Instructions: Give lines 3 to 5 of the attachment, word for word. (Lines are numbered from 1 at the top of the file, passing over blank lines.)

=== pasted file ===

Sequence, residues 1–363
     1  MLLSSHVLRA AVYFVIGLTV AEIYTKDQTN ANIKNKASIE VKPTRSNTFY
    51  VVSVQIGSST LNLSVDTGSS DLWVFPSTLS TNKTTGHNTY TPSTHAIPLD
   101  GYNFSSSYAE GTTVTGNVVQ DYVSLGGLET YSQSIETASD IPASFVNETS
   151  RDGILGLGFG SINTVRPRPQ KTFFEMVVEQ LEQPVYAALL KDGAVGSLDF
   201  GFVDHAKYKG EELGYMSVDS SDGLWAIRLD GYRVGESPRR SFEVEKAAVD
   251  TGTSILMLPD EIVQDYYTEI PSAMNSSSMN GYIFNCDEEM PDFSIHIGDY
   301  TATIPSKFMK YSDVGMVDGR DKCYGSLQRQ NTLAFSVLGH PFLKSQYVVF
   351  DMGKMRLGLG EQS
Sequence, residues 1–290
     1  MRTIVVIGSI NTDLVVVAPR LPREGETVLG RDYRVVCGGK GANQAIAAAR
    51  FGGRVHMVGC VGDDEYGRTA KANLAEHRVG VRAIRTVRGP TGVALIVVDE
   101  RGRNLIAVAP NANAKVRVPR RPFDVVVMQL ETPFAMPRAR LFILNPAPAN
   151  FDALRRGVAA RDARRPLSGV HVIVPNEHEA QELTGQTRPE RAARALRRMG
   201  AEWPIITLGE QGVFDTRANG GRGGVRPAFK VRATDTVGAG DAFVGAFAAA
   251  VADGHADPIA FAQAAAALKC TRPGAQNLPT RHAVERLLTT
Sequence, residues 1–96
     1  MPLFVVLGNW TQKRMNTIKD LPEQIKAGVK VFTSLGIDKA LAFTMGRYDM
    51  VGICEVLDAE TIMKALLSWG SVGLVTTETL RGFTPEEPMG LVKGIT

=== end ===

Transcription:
    51  VVSVQIGSST LNLSVDTGSS DLWVFPSTLS TNKTTGHNTY TPSTHAIPLD
   101  GYNFSSSYAE GTTVTGNVVQ DYVSLGGLET YSQSIETASD IPASFVNETS
   151  RDGILGLGFG SINTVRPRPQ KTFFEMVVEQ LEQPVYAALL KDGAVGSLDF